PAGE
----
In 2014, India became a signatory to the Nagoya Protocol of the CBD. This international agreement deals explicitly with ensuring Access and Benefit Sharing (ABS): that benefits obtained from the use of genetic resources are shared in a “fair and equitable way” with indigenous and local communities that possess the traditional knowledge regarding its use.
India’s legislation to ratify the Protocol came in the form of the ABS Guidelines notified by the NBA in 2014. These guidelines regulate various aspects of benefit sharing: from the payment an applicant has to provide in return for the commercial use of a genetic resource, how much of that payment (95 percent) should reach local communities, to exemptions for collaborative research agreements.
Falling through the cracks
But despite these treaties and legislations, “access continues while benefits remain illusory,” writes Kanchi Kohli, senior researcher at the Centre for Policy Research, and lawyer Shalini Bhutani in a 2011 briefing paper. For local communities, the ‘chase’ for benefits is still not over; unfortunately, that is the case and will be for a while for at least four reasons, wrote Kohli in an email to Mongabay-India.
“First, regulating benefit sharing is largely dependent on self-disclosure of access by accessors or enforcement action by SBB and NBA. So there are many slips. Second, the fundamental issue of establishing ownership of a resource still remains. Is an agreement with one village enough when several others also access the same resource?” she asks.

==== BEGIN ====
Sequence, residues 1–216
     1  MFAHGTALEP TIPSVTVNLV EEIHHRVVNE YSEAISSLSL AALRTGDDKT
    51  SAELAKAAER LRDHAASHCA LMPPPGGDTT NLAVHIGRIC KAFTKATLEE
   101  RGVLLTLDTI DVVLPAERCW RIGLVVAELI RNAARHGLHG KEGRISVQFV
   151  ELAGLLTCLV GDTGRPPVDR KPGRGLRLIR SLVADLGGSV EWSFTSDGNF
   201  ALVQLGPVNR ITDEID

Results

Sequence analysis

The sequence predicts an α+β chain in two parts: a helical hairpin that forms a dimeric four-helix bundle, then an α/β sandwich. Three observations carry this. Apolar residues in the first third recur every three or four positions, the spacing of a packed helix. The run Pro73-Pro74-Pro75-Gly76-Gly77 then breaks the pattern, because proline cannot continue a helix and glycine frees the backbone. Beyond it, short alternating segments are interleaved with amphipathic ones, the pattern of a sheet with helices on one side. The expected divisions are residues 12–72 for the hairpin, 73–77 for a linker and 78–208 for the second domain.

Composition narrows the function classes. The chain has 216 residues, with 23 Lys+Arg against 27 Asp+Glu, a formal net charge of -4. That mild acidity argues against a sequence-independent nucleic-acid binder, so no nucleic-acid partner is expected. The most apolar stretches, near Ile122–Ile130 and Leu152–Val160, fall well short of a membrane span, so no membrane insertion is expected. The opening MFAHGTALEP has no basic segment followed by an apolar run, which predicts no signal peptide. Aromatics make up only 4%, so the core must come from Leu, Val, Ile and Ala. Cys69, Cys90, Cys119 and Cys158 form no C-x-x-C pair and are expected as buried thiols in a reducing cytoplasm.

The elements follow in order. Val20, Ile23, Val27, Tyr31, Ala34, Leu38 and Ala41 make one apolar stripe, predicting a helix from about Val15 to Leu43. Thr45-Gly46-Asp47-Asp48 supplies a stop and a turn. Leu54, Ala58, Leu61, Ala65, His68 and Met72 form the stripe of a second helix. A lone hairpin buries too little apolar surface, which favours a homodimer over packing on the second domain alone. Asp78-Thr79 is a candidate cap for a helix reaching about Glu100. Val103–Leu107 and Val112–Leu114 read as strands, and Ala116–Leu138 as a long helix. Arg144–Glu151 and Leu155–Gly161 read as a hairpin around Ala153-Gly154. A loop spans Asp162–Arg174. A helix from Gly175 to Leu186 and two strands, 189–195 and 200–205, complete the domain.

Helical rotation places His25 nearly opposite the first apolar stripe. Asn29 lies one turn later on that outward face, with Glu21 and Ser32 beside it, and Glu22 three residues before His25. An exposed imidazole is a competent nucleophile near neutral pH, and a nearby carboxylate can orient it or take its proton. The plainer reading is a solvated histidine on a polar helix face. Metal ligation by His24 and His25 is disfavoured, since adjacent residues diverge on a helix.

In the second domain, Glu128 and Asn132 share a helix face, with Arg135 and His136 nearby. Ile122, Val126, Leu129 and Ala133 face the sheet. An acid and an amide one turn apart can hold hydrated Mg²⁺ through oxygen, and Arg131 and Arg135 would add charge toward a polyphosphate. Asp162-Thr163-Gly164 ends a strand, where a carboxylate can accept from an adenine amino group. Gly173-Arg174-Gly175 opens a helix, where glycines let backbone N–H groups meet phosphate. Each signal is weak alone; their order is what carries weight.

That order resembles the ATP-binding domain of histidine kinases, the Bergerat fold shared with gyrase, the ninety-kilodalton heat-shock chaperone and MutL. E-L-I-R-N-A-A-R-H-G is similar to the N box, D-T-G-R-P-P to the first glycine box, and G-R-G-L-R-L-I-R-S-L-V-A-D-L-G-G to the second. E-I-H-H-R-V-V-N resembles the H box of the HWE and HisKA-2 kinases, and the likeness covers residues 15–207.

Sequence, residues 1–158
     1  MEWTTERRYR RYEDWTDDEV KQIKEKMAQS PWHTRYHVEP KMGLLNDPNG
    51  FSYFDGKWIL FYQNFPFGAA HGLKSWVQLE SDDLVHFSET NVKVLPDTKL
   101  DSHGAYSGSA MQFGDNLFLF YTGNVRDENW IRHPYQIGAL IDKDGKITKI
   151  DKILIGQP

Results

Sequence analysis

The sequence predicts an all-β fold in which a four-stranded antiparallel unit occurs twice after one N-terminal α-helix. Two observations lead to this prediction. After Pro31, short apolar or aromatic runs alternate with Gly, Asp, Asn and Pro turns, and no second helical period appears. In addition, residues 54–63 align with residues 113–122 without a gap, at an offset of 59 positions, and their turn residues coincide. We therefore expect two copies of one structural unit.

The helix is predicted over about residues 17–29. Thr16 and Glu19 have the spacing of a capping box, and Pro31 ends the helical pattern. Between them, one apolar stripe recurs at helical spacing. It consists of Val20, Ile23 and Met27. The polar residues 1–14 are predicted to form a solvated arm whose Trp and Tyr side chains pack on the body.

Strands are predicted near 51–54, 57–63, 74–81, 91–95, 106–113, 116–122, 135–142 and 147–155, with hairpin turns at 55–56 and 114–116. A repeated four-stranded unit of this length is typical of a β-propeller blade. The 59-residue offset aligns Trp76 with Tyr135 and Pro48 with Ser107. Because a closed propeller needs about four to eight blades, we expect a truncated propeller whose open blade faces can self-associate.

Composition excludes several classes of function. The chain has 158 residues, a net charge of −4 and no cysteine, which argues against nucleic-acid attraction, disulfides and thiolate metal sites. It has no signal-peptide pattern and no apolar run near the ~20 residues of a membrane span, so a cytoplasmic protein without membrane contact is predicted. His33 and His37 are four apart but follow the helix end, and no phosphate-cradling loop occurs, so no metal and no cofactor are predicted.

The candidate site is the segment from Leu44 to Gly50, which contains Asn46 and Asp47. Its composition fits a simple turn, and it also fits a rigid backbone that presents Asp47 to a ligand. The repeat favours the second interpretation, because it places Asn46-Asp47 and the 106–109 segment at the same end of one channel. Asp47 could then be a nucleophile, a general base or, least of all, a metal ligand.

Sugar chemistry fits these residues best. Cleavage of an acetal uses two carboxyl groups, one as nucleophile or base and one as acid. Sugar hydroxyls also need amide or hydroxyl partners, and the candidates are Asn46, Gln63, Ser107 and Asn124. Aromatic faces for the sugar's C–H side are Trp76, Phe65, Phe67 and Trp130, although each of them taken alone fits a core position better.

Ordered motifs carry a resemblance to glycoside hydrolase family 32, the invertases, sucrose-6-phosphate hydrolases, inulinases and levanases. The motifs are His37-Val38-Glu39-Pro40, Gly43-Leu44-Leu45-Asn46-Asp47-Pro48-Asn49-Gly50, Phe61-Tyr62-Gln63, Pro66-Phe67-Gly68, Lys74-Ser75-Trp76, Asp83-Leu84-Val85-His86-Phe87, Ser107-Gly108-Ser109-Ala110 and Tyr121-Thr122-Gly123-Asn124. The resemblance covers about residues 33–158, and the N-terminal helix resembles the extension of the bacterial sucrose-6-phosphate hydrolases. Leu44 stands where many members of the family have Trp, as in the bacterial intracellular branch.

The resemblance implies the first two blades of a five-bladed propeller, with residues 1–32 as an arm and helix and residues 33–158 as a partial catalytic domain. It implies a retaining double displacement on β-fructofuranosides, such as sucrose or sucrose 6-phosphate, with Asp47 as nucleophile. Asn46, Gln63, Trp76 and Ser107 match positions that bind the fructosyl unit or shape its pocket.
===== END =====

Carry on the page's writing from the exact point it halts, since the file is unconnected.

There’s no better example to illustrate this issue than the story of the Kani tribe in southern Kerala, and their knowledge of the anti-fatigue properties of the wonder herb arogyapacha (Trichopus zeylanicus) that grows in their forests. Scientists at the Jawaharlal Nehru Tropical Botanic Garden and Research Institute learned about this from their Kani field assistants in 1987, before the CBD and its provisions came into play. Taking a group of Kanis from some villages on board, and instituting a trust in their favour to avail benefits that could accrue from this, the scientists developed jeevani, a drug that captured the plant’s anti-fatigue properties.
However, Kanis from other villages who were not consulted – for the sharing of their knowledge or regarding benefits – disagreed. For several reasons including lack of dialogue between different state departments, long-drawn patenting battles, talks of marketing jeevani have failed and the Kanis’ trust is not active anymore.